Sermon preached some Sunday in 2000, exact date unknown, at Villa Morra Baptist Church, Asunción, Paraguay, South America.
Note: Since I preached this message on a Baptist church, I used the word “ordinances” instead of sacraments. I understand these words as interchangeable, but many people do not. Here, I speak of “ordinances” as being understood in the spirit of what is said in Lord’s Day 25 of the Heidelberg Catechism.
Text: 1 Corinthians 11:23–26:
For I received from the Lord what I also delivered to you, that the Lord Jesus on the night when he was betrayed took bread, and when he had given thanks, he broke it, and said, “This is my body which is for you. Do this in remembrance of me.” In the same way also he took the cup, after supper, saying, “This cup is the new covenant in my blood. Do this, as often as you drink it, in remembrance of me.” For as often as you eat this bread and drink the cup, you proclaim the Lord’s death until he comes. (ESV)
Introduction: We need to explain the Lord’s Supper. The subject has been neglected for some time. Yet, it is deep in richness of meaning. What is the Lord’s Supper? What is his purpose? How should we celebrate it in an appropriate manner?
The Supper is an ordinance of divine right (de iure divino).
Sidenote: Ordinance, or Sacrament? The words are interchangeable.
- The Supper is a sign: It denotes an invisible reality, apprehended by faith.
- A sign of Christ’s sacrificial death.
- A sign of the redemption accomplished by Christ (for all this, see Heidelberg Catechism, Lord’s Days 28–30).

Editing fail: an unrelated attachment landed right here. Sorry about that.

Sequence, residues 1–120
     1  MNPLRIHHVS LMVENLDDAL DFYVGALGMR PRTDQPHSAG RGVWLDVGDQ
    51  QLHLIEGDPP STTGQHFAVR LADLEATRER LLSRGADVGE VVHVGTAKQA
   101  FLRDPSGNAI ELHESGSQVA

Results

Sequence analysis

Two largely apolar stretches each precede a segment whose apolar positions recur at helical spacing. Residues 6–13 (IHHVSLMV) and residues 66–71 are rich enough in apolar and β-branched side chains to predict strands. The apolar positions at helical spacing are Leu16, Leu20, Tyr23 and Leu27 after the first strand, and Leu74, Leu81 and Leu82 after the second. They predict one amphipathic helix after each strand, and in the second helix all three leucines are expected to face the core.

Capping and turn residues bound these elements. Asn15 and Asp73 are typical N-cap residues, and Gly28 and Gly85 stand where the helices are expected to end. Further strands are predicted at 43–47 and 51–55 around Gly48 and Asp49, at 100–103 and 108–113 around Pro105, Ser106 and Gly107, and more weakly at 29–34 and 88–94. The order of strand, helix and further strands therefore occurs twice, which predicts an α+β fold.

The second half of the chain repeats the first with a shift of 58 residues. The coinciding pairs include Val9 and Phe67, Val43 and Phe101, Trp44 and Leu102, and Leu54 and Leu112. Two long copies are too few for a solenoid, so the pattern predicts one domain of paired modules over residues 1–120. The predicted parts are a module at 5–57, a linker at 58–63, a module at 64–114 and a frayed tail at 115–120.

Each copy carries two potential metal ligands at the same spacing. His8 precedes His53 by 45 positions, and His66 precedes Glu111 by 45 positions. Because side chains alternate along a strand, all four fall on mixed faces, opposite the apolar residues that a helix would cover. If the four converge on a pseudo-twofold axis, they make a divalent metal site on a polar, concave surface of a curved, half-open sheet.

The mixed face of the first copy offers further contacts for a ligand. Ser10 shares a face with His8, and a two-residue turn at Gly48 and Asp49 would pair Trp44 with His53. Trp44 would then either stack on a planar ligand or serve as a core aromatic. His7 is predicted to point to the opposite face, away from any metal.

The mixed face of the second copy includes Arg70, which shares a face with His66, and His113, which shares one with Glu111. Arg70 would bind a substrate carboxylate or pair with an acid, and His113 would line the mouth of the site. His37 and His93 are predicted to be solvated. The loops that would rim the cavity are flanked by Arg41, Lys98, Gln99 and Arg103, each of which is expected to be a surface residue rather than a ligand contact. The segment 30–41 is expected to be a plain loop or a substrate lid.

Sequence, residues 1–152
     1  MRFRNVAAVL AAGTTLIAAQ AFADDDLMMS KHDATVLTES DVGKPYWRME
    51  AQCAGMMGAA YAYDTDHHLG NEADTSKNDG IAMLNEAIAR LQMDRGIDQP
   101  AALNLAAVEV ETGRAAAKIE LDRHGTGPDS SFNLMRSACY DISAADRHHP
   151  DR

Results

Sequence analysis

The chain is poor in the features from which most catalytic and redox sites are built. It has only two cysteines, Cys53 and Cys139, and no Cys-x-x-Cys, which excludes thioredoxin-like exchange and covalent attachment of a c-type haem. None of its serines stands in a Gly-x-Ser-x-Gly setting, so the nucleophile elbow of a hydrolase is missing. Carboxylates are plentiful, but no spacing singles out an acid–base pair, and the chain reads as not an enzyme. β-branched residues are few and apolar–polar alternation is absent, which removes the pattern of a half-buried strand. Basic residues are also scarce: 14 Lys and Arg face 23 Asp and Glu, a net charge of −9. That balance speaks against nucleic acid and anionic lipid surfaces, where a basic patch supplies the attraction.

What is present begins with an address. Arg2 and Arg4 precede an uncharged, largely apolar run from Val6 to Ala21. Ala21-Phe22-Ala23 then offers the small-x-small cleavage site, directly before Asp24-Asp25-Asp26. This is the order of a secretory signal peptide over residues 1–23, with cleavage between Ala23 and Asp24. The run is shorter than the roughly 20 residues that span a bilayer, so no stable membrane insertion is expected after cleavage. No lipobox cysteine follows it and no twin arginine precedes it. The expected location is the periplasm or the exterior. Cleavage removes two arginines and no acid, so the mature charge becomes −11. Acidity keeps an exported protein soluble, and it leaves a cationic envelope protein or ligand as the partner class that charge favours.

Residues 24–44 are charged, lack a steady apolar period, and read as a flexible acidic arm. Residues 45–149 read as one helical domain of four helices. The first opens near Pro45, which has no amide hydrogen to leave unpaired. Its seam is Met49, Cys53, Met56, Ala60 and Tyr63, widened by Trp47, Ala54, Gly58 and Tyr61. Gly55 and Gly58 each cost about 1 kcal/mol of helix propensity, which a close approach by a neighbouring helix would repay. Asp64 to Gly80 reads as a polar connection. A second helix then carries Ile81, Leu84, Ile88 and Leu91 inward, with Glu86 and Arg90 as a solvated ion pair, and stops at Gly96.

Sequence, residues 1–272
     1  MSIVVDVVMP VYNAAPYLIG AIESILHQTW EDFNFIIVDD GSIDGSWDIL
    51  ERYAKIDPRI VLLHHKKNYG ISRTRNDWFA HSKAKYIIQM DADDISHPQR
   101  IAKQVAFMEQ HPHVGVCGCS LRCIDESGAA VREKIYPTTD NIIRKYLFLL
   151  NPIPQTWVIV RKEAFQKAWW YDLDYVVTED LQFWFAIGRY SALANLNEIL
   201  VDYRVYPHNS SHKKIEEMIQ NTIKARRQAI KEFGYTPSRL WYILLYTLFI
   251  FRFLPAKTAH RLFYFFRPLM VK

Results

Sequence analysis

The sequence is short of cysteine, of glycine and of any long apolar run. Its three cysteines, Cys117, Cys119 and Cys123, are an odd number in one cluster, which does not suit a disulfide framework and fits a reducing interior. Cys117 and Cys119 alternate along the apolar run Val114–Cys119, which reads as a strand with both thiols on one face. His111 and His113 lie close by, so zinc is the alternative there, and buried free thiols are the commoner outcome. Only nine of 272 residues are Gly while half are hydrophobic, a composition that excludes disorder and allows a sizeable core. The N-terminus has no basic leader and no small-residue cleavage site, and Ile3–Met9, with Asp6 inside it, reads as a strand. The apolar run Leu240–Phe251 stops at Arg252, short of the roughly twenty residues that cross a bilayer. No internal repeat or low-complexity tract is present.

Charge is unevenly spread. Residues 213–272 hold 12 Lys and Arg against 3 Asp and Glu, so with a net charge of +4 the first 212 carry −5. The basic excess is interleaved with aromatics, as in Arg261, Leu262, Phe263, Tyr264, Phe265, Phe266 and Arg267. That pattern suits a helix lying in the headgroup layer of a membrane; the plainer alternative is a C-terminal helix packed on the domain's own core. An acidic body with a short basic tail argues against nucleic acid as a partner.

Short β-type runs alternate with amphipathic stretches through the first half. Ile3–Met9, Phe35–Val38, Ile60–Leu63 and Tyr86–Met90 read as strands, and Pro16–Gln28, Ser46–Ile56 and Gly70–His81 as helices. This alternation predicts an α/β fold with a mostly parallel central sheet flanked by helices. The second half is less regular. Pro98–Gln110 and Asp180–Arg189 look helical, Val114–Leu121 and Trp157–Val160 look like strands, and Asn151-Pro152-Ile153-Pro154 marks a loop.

- A sign of Christ’s second coming.
- A sign of the blessings that we receive from God. That’s why we must give thanks for the bread and wine.
- A sign of the Word of God, who institutes and announces the Lord’s Supper, and proclaims the eternal truths of God.
- The supper is a seal: A spiritual nourishment.
Conclusion: The incredible depths of the Lord’s Supper are really hard to apprehend. It is a sign that should fill us with wonder and awe. We must be very serious about this sacrament, the one that really declares us to be part of the Catholic (i.e., universal) church.
Sometimes I see Psalm 130 as a great illustration of what the Lord’s Supper accomplishes on us: we need mercy and forgiveness (v.2); God forgives us even though no one can stand before Him (vss. 3–4); we hope for the Lord’s coming, hoping in His Word (vss. 5–6); and he gives us redemption (vss. 7–8). All the cries of the Psalmist are answered in the Supper. Thanks be to God for His wonderful sacrament!